Big Data Project Planning and Deployment: 10 Suggested Best Practices
Big data, the collection and analysis of various types of data in large volumes to create business insights and advantage, is a fast-growing IT trend that is on the lips of many corporate executives and IT managers these days. It is certainly true that excellent tools are available to build these projects now. These tools include big data-ready storage, intelligent networking, increased processing power and high-end analytics. Some of these tools are even available as services from cloud providers. However, like any other emerging trend, the reality is that we are in the early stages of developing any real best practices for putting big data to work. Fortunately, there are a growing number of IT people who are now harnessing big data to the business advantage of their companies and we can learn from them. For example, according to a recent survey from Jaspersoft's 310,000-person user community, 62 percent of respondents have either deployed or are planning to deploy applications that use big data stores in the next 12 months. In the following slide show, eWEEK contacted Jaspersoft CEO Brian Gentile to explain best practices for planning and executing a big data project for any size enterprise. Jaspersoft specializes in self-service business intelligence that scales for cloud, mobile and big data environments. San Francisco-based Jaspersoft competes in markets with Microsoft (with SQL Server), Truviso, MiAgents and Millbrook.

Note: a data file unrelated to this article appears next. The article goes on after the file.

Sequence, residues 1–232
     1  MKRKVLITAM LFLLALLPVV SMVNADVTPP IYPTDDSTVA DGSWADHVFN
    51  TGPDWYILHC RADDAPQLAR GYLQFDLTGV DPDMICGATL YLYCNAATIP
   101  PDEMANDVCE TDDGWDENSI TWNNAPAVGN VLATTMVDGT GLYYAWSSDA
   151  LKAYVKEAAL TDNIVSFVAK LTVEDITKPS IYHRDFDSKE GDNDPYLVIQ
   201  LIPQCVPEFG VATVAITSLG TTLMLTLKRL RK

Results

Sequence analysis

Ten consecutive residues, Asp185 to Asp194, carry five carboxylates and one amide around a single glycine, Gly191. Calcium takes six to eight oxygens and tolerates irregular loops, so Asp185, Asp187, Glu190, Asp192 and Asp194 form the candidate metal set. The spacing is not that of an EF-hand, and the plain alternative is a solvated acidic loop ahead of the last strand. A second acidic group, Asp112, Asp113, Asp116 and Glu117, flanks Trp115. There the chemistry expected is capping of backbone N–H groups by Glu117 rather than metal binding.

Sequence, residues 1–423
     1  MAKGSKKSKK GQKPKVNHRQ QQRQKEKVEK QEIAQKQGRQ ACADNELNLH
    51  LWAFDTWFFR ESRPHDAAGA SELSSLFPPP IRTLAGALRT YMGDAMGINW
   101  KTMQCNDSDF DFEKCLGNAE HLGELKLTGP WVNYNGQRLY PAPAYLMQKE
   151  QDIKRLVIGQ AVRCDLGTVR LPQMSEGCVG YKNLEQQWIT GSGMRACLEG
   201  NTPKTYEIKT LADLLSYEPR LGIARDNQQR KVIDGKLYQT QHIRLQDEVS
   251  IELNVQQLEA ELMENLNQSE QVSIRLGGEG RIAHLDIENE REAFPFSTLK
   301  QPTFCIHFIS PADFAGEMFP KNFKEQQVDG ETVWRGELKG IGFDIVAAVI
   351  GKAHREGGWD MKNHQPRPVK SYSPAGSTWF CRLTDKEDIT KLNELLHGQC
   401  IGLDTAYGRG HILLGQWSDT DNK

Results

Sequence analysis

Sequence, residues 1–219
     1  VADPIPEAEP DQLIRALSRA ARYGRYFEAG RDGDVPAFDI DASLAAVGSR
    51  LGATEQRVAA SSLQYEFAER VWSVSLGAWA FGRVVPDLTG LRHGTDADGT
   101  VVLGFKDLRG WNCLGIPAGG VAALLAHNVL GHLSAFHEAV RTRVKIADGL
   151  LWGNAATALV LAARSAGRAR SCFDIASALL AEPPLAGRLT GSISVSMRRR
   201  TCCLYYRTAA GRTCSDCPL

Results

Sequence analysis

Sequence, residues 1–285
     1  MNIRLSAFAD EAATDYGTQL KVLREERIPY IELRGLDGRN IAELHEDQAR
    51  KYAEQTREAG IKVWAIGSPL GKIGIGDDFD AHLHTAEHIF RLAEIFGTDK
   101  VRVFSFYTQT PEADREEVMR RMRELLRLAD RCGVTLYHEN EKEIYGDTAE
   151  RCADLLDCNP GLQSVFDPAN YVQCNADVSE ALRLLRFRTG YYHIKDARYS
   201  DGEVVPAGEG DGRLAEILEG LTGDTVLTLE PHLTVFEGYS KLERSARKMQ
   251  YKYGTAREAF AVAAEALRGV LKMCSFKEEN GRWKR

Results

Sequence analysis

Recognize the Opportunity
Big data is everywhere, so find your opportunity to put it to work. If your organization does not produce "big data," there are still valuable external data sets that, if you could access and analyze them, would provide better operational insight and deliver a new competitive advantage. For example, professionals within the financial service sector can pay a small amount of money to access a huge amount of intra-day trading information (equity exchanges, commodity exchanges, etc.) in order to find key data that can help them make more strategic business decisions. Or a wide array of census and population information is now made available by many government organizations. The world of data has become much more open. How can you participate?